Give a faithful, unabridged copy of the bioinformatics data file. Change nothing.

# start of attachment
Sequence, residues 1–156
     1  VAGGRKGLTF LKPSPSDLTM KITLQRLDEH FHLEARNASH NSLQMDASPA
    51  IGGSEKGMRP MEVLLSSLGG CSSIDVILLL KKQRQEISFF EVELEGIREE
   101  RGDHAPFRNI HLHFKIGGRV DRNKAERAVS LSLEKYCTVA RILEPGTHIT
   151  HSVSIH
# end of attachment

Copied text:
Sequence, residues 1–156
     1  VAGGRKGLTF LKPSPSDLTM KITLQRLDEH FHLEARNASH NSLQMDASPA
    51  IGGSEKGMRP MEVLLSSLGG CSSIDVILLL KKQRQEISFF EVELEGIREE
   101  RGDHAPFRNI HLHFKIGGRV DRNKAERAVS LSLEKYCTVA RILEPGTHIT
   151  HSVSIH